Rejected ★★★★½

This review may contain spoilers. I can handle the truth.

This review may contain spoilers.

The only reason I decided to check this film out at all was because of this video-- that mentioned that this short was actually nominated for an Academy Award for Best Animated Short Film. This film... was nominated... for an Academy Award. I immediately had to check this film out, and to be completely honest, if there were any short on the Internet with this kind of humor in it that should be nominated for an Academy Award, I am so glad it's this one. This might just be the weirdest Academy Award nomination in history. It's essentially a viral YouTube video, except it went viral before YouTube was even a thing. As John Green mentioned in the video I linked to above, if this film is somehow able to qualify for an Academy Award, then there are a lot of other YouTube clips that should at least be considered for nomination. Hell, I'll even tie this back around to the Netflix argument and say that if this short film got nominated, Netflix films should be considered as well. Then again, this film was actually shown in various American theaters between 2000 and 2002, so I guess this does still qualify under Academy rules. It's just such a strange nomination choice, but I am certainly not complaining because the execution of this short is genius.

Be prepared, this short is not for the squeamish. It's random, it's gory, it's confusing, it at first seems like it has absolutely no point, but for some reason, I was busting with laughter after the first cartoon was finished playing. There's just something about the idea of this short film that is just so cool to watch-- the idea of this mentally unstable cartoonist that pitches all of these terribly disturbing cartoons to various ad agencies thinking they are actually acceptable for the companies he's trying to advertise for. In that way, I actually think the excessive bloody violence in this cartoon is actually important to the story. It's important for the comedy to work so that the segue from the incredibly disturbing footage to the message that this is intended to be an advertisement for a children's channel is made as funny as possible. It's weird to me that despite the fact that this video is just random gory humor, for the most part, there is still an underlying story in this video that all of that humor and gore serves. I never thought I would see a short that was this over-the-top and not think the violence was unnecessary, but here we are.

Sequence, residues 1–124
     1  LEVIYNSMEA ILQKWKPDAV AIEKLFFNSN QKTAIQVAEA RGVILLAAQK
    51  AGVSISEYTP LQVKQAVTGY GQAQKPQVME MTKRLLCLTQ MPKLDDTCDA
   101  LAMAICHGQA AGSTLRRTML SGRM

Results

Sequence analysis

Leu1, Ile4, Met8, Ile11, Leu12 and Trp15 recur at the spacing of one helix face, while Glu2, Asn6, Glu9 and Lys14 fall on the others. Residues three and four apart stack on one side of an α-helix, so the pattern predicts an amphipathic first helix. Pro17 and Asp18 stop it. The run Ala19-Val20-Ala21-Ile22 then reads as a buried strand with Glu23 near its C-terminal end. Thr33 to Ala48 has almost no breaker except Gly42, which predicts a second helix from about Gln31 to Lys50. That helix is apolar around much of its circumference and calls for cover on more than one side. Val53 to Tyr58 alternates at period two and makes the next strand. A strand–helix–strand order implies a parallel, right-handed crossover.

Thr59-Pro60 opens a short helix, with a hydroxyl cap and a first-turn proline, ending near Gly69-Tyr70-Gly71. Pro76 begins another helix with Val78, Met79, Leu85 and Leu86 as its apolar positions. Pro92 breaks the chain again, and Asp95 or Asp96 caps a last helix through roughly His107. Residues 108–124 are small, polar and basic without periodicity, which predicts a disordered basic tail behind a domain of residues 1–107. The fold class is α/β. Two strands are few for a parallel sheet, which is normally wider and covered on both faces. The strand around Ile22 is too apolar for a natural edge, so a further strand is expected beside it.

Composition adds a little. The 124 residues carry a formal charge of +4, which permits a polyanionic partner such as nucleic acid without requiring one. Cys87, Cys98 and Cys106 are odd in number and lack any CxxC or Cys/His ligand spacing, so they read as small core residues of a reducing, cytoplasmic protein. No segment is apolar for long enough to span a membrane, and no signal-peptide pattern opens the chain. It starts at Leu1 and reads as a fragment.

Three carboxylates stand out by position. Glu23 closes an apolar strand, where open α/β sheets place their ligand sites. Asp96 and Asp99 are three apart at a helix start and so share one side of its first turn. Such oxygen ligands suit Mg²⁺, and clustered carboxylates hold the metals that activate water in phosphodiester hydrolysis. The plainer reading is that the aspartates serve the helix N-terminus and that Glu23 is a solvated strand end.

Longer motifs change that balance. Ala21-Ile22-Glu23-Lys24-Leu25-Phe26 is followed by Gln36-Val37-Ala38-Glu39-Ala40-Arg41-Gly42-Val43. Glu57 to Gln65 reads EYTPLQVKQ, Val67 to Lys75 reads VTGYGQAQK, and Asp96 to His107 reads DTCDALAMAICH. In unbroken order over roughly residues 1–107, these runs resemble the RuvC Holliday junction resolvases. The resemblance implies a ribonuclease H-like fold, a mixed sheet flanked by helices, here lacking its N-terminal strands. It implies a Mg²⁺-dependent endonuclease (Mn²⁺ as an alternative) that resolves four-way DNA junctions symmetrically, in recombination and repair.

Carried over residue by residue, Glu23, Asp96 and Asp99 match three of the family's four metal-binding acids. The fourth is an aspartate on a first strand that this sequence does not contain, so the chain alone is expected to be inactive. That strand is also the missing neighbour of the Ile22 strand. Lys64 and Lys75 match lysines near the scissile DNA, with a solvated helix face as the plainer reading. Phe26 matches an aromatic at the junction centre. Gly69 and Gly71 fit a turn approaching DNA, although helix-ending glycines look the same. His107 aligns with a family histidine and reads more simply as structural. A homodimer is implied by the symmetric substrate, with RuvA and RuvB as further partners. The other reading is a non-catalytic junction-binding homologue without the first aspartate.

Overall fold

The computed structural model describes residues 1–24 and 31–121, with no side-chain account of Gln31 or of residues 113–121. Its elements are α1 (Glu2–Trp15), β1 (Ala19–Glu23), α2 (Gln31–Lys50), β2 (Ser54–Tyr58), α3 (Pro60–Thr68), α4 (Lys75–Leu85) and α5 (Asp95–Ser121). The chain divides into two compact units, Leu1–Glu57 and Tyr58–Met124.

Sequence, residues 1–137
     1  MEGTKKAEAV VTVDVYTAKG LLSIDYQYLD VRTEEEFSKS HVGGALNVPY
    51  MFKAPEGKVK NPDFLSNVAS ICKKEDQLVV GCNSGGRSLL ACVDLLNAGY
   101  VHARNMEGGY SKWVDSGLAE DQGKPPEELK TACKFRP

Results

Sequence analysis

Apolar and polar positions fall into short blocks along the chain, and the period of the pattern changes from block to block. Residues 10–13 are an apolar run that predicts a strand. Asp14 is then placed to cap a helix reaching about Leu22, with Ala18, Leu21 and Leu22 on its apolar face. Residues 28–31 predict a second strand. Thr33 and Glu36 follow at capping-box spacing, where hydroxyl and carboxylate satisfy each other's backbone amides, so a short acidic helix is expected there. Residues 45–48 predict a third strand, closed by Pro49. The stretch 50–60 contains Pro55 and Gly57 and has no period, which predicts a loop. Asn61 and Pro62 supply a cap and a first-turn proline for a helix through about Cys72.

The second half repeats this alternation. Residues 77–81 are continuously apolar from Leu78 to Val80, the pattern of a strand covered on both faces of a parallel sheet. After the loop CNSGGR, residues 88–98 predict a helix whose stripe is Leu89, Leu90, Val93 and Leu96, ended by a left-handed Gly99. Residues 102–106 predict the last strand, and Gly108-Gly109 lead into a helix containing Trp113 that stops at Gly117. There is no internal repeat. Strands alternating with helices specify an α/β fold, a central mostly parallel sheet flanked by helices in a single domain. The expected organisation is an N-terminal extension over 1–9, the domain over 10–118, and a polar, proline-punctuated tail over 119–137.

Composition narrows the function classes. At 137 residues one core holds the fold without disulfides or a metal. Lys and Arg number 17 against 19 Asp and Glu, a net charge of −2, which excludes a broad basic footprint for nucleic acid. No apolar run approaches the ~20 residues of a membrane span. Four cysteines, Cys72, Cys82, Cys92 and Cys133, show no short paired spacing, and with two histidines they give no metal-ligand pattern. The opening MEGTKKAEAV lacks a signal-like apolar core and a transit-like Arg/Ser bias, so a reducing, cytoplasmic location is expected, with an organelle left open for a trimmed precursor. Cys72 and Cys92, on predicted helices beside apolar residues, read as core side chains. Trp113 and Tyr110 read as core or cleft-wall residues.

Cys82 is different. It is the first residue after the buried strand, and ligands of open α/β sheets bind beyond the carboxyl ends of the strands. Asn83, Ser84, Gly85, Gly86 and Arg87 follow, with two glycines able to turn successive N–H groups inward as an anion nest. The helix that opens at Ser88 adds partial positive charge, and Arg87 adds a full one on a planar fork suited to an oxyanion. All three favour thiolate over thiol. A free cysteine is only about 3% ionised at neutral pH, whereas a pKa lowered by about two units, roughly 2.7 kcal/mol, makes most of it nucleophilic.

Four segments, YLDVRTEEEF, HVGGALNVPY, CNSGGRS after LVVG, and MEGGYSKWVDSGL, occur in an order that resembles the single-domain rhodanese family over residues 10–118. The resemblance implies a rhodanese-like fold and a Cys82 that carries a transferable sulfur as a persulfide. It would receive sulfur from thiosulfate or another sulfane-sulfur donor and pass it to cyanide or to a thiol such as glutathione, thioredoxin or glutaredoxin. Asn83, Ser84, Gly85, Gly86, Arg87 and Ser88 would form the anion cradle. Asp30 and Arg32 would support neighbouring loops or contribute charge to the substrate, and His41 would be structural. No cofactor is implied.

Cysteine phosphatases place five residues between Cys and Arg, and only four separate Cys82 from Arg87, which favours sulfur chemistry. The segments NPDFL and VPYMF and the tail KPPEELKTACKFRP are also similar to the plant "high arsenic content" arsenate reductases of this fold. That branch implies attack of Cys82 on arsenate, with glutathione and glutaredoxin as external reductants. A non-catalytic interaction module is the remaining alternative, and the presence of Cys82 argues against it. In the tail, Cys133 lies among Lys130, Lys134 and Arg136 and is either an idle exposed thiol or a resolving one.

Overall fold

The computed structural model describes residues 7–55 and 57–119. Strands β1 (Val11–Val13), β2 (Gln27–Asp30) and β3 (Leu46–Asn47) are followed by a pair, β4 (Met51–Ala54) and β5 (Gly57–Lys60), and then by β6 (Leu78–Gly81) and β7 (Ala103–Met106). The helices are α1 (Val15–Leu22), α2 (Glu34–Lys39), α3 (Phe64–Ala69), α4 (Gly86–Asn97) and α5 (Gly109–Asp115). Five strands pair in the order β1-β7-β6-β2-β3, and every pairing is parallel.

In terms of flaws, the only major one I can think of is the ending. Now, the ending sequence is incredibly well put together, well animated (just like this entire short, to be honest), and creative. However, I'm not really sure how the cartoonist losing his mind causes the destruction of his entire world. Unless the cartoonist was (in real life) crumpling up his older cartoons, there is no way that the older cartoons would start falling apart. Even if his newer cartoons had no structure to speak of, his older cartoons would still stay the same. They would still have the same structure. The only conclusion I can draw from that is that he crumpled up his original works as well. Honestly, the editing supports that theory, but I'm not sure if it executed it well enough. Yes, I'm analyzing the ending of a random LOLZ animated cartoon. You know why? Because it was nominated for an ACADEMY AWARD!! Clearly, someone took this thing seriously.

However, aside from the ending not QUITE being executed as well as it could have, everything else about this cartoon is really, really good. The violence feels like just the right amount necessary to sell the black comedy (although it's still definitely very over the top), the animation is still fairly fluid today, and the comedy is on-point. Seriously, the minor details of some of the cartoon mouths not syncing up properly just demonstrates that Don Hertzfeld knew what he was doing when he made this. I refused to watch Rejected for the longest time, I think because before I truly got into the art of filmmaking, I was terrified of anything having to do with violence. My 12-year-old self would not have been able to tolerate this. My 17-year-old self, however, thinks this is an incredibly executed short film that deserves its classic viral status. Watch it at if you want to relive your memories of how the Internet used to be or if you've never seen this short before. I think you'll have a good time.

Letter Grade: A

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